South African President Cyril Ramaphosa suffered the same false start as his predecessor nine years ago: a recession in his first six months in office.
The economy unexpectedly contracted an annualised 0.7 per cent in the second quarter from the previous three months, Pretoria-based Statistics South Africa said in a statement Tuesday. That compares with a decline of 2.6 per cent in the first quarter and is the first recession since 2009.
The median estimate in a Bloomberg survey was for 0.6 per cent expansion. The economy grew 0.4 per cent from a year earlier.
Slack farming output and soft consumer spending has put pressure on Africa’s most-industrialized economy. Ramaphosa’s ascent to power since December initially boosted sentiment and the rand following Jacob Zuma’s corruption-plagued tenure of almost nine years, but that optimism has faded as structural reforms aren’t implemented fast enough and global trade wars, turmoil in other emerging markets sour sentiment.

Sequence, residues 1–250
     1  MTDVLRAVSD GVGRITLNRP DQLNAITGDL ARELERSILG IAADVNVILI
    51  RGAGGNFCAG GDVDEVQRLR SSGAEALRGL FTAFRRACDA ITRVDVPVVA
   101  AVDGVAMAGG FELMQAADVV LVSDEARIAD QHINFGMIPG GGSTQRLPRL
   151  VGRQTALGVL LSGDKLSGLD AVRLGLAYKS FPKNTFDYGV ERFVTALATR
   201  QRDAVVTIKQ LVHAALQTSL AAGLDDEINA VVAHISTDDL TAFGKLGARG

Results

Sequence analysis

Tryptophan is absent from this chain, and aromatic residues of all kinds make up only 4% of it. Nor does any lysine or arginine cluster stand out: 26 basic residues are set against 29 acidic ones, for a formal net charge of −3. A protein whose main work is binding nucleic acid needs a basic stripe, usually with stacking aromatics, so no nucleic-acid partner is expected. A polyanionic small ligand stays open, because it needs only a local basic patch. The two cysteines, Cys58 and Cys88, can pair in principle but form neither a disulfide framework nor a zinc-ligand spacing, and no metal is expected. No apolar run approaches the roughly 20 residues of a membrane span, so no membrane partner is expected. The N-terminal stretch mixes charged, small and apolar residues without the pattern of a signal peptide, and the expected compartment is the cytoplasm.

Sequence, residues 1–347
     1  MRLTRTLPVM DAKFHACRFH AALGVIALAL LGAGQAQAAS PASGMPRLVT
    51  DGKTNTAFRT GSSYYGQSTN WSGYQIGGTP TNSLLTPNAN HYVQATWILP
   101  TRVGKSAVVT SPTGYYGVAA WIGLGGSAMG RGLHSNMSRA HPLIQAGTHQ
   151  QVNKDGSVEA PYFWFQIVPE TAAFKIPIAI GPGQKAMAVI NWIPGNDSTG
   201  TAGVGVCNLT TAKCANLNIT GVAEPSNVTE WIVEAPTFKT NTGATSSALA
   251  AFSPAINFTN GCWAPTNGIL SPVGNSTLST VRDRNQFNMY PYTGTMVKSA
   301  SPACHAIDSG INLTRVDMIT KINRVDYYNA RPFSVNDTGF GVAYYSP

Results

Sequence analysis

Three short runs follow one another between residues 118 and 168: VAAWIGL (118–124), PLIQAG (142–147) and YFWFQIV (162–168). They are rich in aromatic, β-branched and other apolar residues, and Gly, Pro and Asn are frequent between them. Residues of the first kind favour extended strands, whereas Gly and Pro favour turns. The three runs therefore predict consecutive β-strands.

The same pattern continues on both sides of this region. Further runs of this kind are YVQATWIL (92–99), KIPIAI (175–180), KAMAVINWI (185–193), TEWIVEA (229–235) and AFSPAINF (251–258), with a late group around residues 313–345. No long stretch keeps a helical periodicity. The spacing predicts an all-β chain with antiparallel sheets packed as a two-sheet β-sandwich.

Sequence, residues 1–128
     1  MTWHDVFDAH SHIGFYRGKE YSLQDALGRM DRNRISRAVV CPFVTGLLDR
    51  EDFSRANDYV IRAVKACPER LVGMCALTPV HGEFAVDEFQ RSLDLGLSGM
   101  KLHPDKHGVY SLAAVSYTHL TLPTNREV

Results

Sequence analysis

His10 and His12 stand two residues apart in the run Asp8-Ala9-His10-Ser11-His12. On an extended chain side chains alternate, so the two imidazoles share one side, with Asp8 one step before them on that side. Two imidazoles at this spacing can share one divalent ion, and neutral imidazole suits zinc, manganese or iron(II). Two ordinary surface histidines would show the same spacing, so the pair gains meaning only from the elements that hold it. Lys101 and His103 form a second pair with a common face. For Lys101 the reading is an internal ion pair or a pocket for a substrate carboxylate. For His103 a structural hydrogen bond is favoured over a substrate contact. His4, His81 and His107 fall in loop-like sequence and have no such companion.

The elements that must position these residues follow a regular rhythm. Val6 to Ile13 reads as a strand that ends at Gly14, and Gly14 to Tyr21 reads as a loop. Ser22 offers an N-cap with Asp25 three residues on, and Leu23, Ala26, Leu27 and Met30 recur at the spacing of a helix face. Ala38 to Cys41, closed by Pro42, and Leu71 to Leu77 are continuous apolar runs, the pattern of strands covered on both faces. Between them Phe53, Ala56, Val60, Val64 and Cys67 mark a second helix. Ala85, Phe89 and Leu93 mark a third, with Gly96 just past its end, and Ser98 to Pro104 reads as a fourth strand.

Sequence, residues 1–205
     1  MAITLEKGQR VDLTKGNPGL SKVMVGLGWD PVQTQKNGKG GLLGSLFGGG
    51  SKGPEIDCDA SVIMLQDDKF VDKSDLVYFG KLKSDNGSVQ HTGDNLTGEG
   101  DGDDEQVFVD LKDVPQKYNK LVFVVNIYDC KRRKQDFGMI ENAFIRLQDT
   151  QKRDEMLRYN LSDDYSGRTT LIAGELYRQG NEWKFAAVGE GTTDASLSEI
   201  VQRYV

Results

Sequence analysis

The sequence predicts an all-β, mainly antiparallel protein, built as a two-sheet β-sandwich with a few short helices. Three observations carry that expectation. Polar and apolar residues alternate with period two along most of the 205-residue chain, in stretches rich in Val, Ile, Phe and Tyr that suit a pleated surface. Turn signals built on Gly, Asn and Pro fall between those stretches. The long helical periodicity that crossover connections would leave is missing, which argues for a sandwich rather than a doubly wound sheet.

The rand fell 2.3 per cent to 15.2094 per dollar by 11:45am in Johannesburg on Tuesday.
A contraction for the fourth quarter of 2016 was later revised to show growth, resulting in this being the first recession since the financial crisis of 2009.
In addition, the statistics agency said agriculture declined the most, recording an annualised 29.2 per cent contraction, while mining production expanded 4.9 per cent from the previous quarter.
Manufacturing shrank 0.3 per cent and trade contracted 1.9 per cent.